NEW DELHI, Jan 10: With an aim to lure more passengers and sell-off its vacant seats in business class, financially stressed Air India has launched a scheme for passengers to upgrade their economy class tickets to business class.
Breifing reporters about the new scheme Air India CMD Pradeep Singh Kharola said that passengers can save up to 75 per cent on cost if upgrading via the new online offer to destination in the US, Europe, Australia, Japan and Hong Kong and on flights among six metro cities of the country.
The scheme launched in December allows passengers to bid an incremental amount or difference between economy class fare they have already paid and that of the business class seat. There would also be a cap on the minimum bid a passenger can make.
In case of a passenger, who made the bid, but was not able to get the upgrade, the entire amount will be returned.
Besides, the financially-strained airline is trying to ratilionlise catering cost by loading extra on-board meals, that can be served on the return journey of international flights.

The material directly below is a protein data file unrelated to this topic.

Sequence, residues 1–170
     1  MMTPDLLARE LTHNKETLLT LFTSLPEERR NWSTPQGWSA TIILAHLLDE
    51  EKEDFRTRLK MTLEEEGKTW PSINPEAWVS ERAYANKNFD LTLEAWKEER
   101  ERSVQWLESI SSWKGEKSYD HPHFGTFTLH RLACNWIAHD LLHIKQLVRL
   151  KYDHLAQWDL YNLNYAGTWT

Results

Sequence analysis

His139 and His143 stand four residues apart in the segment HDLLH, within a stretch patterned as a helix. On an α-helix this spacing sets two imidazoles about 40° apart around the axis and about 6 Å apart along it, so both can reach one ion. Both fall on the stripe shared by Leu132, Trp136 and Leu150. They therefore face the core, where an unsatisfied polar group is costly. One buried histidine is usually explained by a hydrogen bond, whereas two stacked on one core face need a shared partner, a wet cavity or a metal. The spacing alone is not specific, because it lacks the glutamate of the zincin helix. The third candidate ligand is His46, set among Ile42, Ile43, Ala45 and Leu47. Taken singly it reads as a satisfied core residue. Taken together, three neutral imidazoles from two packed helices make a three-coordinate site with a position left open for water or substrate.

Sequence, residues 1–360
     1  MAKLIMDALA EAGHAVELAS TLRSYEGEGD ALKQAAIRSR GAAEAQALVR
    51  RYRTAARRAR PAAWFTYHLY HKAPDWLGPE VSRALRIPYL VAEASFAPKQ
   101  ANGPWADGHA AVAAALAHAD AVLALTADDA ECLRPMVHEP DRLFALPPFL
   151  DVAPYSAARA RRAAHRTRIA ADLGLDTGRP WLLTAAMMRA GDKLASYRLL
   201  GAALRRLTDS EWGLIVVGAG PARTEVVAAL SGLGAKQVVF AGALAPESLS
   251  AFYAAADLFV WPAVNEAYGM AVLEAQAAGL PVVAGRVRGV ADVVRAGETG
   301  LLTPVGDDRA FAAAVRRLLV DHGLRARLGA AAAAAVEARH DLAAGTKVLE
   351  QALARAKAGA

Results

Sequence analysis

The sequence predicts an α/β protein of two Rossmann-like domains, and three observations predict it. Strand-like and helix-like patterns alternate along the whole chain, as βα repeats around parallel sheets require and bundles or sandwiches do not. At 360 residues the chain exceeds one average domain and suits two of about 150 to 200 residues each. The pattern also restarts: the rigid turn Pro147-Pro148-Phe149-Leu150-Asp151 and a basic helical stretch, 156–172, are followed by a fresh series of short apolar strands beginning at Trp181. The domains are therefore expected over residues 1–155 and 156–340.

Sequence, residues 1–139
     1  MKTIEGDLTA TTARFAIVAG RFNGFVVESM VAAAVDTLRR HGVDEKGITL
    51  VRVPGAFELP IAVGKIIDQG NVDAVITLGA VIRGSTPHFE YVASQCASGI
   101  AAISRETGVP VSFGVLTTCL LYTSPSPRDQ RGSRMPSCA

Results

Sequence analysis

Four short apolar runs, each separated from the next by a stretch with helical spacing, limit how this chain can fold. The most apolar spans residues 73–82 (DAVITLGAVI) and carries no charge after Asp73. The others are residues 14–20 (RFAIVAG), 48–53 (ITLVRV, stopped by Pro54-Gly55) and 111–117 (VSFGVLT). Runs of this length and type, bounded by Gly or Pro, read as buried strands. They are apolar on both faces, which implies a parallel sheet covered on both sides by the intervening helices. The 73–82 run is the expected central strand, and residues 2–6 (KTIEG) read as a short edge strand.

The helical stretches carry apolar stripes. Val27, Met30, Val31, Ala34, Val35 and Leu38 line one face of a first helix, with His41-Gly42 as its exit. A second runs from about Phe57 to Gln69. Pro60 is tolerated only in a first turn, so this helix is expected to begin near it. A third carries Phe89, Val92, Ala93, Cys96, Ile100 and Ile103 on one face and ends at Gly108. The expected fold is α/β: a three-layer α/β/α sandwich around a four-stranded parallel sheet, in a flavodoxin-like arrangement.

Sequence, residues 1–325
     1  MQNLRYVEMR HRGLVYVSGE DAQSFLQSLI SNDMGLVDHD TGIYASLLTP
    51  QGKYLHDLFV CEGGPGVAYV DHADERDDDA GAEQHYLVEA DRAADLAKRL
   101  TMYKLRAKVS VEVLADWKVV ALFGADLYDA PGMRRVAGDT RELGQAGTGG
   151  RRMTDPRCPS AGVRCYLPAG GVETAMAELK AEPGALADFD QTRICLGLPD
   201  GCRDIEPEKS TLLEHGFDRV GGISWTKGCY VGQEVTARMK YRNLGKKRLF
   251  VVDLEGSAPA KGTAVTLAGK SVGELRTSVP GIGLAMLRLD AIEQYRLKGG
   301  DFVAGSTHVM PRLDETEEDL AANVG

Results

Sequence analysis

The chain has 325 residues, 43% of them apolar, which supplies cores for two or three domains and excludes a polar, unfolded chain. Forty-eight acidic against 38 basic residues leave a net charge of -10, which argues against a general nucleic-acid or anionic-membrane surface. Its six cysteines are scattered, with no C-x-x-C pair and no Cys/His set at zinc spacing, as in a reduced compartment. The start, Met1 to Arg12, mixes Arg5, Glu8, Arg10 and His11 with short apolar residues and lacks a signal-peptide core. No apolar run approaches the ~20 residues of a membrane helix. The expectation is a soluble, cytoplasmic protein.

According to Kharola, the airline has already started to stock extra meals for the entire two-way trip to destinations like Stockholm, Copenhagen, Birmingham and Madrid.
Accordingly, the airline intends to save on catering expenses as domestic vendors cost 3-4 times less than their international counterparts.
Further, the airline plans carry extra meals on the flights to Gulf region.
In addition, the airline has recieved a bid from Life Insurance Corporation of India (LIC) for its iconic 23-storey -- Air India Building -- located at Nariman Point in Mumbai.
The cash-strapped airline has recieved loans worth Rs 2,000 crore from the National Small Savings Fund, while the Central government will be infusing Rs 2,345 crore into the financially strained national carrier under its 'Turn Around Plan'.
The steps to financially revive the airline, comes after the government had offered to sell 76 per cent stake in Air India. However, the state-owned carrier failed to attract any bidder. - IANS